One would think that with all the extra time left over from a non-existent social life since last March I would have learned something new during quarantine.

Travis Nyhus headshot

Yet, somehow I’ve felt just as busy over the past 10 months as ever before. I realize my issue is that when I’m not working, I waste so much time watching TV, streaming other programs, perusing social media and corners of the world wide web, and leave no time for something productive.

I used to have hobbies when I was a kid, but who has time, or money, for hobbies?

Back when I was a youngster, I was a part of 4-H and in addition to showing animals such as rabbits and sheep, I also participated in woodcrafting. I also took every wood design class in high school. Back then I also played sports, instead of just covering them like I do now.

Last spring in the peak of stay-at-home, somehow while I ventured into the endless abyss of YouTube I came across some videos that brought me back to my days as a Vermillion Cruiser 4-H Club member planning my wood project in the weeks prior and completing days — sometimes hours — in advance of the fair.

I sat and watched as an experienced craftsman designed what began as a vase and after plans changed became a coffee travel mug, using just a wood lathe. There was nothing flashy about the video, but to see in a matter of minutes a chunk of wood so quickly turned into a piece of art was refreshing.

I spent a number of hours over the following weeks and months watching videos of woodworking using lathes. Those weren’t the only woodworking videos I watched during the early portions of quarantine, as my roommates and me had a strange infatuation with PBS programming during our days locked inside.

We watched PBS both for our intrigue in its travel and cooking shows, but also as a form of comedy as we learned about the interesting characters tasked with hosting these shows. One of our favorites was “The Woodwright’s Shop” with Roy Underhill. New episodes of “The Woodright’s Shop” aired for 35 seasons beginning in 1979 and reruns were still on the air last spring but somehow disappeared from PBS later in the summer. Roy has the ability to make you feel like you're right in his shop with him as he teaches you the basics of woodworking.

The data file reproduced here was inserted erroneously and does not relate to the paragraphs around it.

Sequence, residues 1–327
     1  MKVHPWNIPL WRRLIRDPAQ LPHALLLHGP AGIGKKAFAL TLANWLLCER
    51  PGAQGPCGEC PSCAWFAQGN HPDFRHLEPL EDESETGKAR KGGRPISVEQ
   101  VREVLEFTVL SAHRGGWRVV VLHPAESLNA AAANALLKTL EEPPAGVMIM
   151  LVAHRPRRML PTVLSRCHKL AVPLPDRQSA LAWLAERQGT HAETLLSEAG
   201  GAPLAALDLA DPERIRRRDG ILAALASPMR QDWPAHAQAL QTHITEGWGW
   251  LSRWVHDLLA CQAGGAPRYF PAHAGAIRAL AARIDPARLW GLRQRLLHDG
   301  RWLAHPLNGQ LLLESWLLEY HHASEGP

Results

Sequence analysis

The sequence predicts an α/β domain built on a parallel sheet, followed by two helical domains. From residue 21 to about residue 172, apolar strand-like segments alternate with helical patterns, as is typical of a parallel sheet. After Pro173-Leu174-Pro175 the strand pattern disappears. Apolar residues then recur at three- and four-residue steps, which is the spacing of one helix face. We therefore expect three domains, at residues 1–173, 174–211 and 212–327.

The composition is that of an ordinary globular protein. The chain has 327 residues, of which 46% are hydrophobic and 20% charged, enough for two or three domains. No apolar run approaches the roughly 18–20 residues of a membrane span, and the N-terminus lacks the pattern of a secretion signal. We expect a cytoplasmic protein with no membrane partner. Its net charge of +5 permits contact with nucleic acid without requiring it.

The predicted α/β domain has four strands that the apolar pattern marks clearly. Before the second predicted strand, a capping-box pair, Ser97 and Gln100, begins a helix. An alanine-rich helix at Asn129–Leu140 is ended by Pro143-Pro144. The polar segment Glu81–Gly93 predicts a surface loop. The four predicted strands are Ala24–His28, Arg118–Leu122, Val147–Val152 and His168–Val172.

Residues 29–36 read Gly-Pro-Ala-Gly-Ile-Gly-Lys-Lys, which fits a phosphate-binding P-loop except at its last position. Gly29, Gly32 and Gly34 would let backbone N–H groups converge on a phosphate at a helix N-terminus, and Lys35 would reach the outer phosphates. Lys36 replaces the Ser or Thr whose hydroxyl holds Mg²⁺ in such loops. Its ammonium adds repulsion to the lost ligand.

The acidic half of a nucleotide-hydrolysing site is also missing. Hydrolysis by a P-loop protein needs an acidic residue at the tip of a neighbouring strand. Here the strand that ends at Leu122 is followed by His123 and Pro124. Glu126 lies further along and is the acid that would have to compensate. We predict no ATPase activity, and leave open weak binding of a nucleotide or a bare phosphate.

I didn’t have the ability to set up my own wood shop in the house I was renting so any plans to purchase a wood lathe were put on hold.

My interest slowly transitioned to another style craftsmanship — restoration. Restoration of antiques, specifically old metal Tonka toys, became a favorite watch. The toy trucks were broken down piece-by-piece, sandblasted, repainted and fashioned back together to reveal drastic before and after photos. What would it take to do something similar I asked myself?

I looked into the cost of a sandblaster, and a powder painter, which appears to be the option used by all the best restorers. To no one’s surprise it would take a little bit of an investment to start a hobby that I’m not sure I’d be committed to.

When I moved back to the area in July after I took the job at The Chronotype, I went searching at my parents house for the metal Tonka truck I remember having as a kid. There it was nestled in the basement below the stairs believing it would never again see the light of day. But I had other plans. Here was project No. 1. Or so I thought.

How quickly time can pass. It’s been six months since my return to the area and there’s plenty of space in the basement of my place where I could begin my hobby of either woodworking or restoring of that Tonka truck.

I guess it’s difficult to take that final leap and invest in the tools to begin the hobby. Maybe it would be easier if I had a larger inventory or projects in hand. I suppose if you are interested in getting rid of any old metal Tonka toys, feel free to reach out to me, and assist me in my journey to having a hobby.

It’s been three-quarters of a year since I first said “it’s about time I get myself a hobby again” that day back in March as I was sprawled across the couch watching YouTube, and yet no progress. I figured I’ll start some day.

But as my brother always says, “Some day is today.”

Travis Nyhus is The Chronotype sports and outdoors editor. He can be reached at tnyhus@chronotype.com or by calling 715-790-1131.

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